Necessary Questions and vital commandments as you learn to be your own best editor
By CityLife Arts Writer
Have you started the new year determined to see your poetry published? Perhaps you dream of submitting an entire poetry manuscript for publication? Or maybe you’re wondering how to improve your poetry and where to find the right audience for it?
Fortunately, you are not alone. Noordhoek poet, academic and activist, Helen Moffett, has decades of experience in shaping the words of others. This month, she shares her terrific wisdom and insight with AVBOB Poetry Competition participants.
“Everybody needs editing,” says Helen, who described the manuscripts of some of the greatest British poets as “dense with scribbles and crossing-out, rewrites and alternative words.” Helen’s “Necessary Questions” help writers gain clarity about their purpose in sharing their poetry and her “Essential Commandments” help them sharpen their skills and find their own voices.
The Necessary Questions
Read these questions with an open mind and hold them with a light touch as you approach your work:
What kind of poet are you? Do you write for an audience? If yes, who is your audience? And how do you want to interact with them? Via performance (spoken word/slam poetry competitions) or publication (literary journals, online platforms, a school magazine)?
How do you write your poetry? What actually happens (the physical process)? Do you record yourself on your phone? Scribble on serviettes? Clatter away at your laptop?
Where do your poems come from? Do they arrive in your head, sometimes uninvited? Do you write “found poems”? Do you deliberately pick a topic and sit down to craft something? Do you weave together stray pieces of text? Does something you hear, see or smell trigger a poem?
What do you think is the purpose of poetry? How and why is it different from prose? To put it another way: if you’re writing to share, communicate or make a statement, why poetry as opposed to prose?
How familiar are you with the forms or types of poetry? Some poets say that until you have mastered forms such as the sonnet, haiku and so on, you have no business writing free verse. I am less strict, but some sense of the mechanics of poetry is necessary before you edit.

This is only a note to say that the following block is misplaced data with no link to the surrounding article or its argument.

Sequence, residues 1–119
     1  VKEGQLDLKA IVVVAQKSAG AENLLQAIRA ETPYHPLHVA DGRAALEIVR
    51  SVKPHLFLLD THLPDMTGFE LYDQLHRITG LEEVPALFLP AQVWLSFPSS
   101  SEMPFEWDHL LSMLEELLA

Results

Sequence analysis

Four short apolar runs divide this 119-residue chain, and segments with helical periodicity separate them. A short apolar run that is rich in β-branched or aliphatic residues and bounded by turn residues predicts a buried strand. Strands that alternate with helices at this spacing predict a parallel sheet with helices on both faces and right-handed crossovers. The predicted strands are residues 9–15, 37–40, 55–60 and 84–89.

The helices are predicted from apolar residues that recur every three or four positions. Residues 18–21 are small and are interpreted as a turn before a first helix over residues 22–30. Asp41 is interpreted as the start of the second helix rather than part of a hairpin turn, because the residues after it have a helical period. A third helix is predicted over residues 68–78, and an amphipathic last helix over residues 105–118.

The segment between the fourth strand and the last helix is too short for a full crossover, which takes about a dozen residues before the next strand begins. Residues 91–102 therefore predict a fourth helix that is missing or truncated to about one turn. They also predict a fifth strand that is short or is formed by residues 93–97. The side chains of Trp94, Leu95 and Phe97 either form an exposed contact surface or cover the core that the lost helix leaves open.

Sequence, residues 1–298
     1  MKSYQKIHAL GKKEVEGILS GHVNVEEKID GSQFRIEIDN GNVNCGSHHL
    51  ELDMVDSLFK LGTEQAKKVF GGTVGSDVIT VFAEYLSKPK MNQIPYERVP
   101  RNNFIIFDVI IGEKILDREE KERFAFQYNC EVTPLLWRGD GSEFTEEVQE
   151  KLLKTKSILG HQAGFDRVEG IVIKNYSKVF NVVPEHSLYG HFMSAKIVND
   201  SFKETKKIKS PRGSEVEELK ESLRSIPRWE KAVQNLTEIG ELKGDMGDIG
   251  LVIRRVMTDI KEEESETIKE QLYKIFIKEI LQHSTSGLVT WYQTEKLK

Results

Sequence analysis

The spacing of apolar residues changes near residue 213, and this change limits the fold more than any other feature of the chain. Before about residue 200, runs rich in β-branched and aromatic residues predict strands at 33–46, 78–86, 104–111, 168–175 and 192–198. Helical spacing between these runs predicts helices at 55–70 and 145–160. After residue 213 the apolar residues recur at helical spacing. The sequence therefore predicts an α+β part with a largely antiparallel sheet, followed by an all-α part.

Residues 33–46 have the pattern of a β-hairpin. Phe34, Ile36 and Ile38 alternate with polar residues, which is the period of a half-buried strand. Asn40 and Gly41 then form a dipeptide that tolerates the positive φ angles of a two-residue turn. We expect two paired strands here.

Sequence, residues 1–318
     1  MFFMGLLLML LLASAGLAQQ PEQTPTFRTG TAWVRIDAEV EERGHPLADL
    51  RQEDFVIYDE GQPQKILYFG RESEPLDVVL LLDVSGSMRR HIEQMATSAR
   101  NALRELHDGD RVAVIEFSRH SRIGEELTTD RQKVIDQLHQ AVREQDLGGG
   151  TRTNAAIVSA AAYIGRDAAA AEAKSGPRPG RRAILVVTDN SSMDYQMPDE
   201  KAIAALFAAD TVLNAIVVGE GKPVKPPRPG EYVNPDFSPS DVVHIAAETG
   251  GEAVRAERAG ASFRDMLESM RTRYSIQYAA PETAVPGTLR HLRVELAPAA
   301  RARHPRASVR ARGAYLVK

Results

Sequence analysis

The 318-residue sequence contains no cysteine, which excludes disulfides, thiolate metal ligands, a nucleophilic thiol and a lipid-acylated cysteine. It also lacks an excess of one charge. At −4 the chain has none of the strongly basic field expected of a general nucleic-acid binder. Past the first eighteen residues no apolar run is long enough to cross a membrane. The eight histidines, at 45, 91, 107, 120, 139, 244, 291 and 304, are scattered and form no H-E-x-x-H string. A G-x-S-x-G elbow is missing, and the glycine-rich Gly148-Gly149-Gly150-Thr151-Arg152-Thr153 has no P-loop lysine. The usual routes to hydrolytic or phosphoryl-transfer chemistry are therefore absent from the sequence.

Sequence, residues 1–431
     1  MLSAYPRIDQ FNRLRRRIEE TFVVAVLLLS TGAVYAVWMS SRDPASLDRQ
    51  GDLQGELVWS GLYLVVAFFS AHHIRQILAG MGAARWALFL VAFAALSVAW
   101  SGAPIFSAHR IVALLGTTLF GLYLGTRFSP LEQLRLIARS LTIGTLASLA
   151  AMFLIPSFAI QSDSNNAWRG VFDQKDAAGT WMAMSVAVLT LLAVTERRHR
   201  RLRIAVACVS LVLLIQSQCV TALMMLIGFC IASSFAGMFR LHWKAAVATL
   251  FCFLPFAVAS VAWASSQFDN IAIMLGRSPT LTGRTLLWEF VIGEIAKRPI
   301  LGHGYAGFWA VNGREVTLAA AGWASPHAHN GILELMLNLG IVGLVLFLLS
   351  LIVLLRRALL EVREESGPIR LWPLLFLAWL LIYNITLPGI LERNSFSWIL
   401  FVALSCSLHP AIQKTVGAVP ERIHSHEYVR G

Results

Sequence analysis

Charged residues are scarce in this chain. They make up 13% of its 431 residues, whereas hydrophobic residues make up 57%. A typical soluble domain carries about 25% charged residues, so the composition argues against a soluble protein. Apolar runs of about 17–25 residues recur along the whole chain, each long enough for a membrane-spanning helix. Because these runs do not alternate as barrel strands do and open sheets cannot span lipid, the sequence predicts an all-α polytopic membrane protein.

Thinking through these questions will help determine your editing approach. Some poetry should not make the jump from private to public. Bear your audience in mind, then ask yourself whether a particular poem deserves to remain in your private journal, where its cathartic value is therapeutic, or whether it is ready and robust enough to travel into the world.
You need a sense of why you’ve chosen poetry, of all tricksy genres, as your vehicle. In order to do that, you must acquire a sense of how the nuts and bolts of poems work. This, in turn, leads to the Essential Commandments.
Four Essential Commandments
1) Read! Read! Read!
If you want to write and publish your poetry, read as widely as you can. Don’t restrict yourself to poets from any particular place or background. Subscribe to the poetry journals where you aspire to be published and read them before submitting your work there.
2) Remember what poetry is
Poetry differs from prose, regular speech or conversation. It comes to us from song and was originally (and remains) a form of music. Music helps words to become more memorable. An ancient form of magic, it was part of our earliest human rituals. Poems are designed to be heard with the ear as well as seen by the eye. As you craft your own poems, think of what rhythm you want to choose for them: would you like the rhythm to be quick or slow, languid or choppy, flowing or faltering?
3) Read your poem aloud
This is the single most important editing tip on offer. It goes for everything, not just poetry. Why? Because poetry is primarily about sound. It is profoundly aural and oral. No poem can succeed unless it works when read aloud. Inevitably, the ear is a better judge of errors and clumsy phrasing than the eye. You’ll hear a problem before you see it.
Read some of your favourite poems aloud to yourself. (If you’re looking for new voices, look at the winners’ poems in the AVBOB Poetry Library!) Slowly, without realising it, your inner ear will learn to listen for the particular rhythm of each poem, including your own. It is fascinating to observe how your own work changes when you read your poems aloud to yourself.
4) Go gently, then break the rules
Learning how to be your own best editor requires a firm, yet gentle, touch. Ultimately though, if you want to be published, accept that you will need professional editing. Choose your editor with care, as writing poetry takes immense courage. You will learn when to stick to your voice, and when to acknowledge that you cannot be objective about your own writing. You never know when the electricity will crackle from your words into someone else’s brain, thus creating that moment of sharing and synchronicity. To do this, you will sometimes have to break the rules!
Follow the AVBOB Poetry Competition on social media for announcements of free online workshops. Don’t miss Helen Moffett’s generous, insightful and witty session on editing and publishing your own poetry later this year.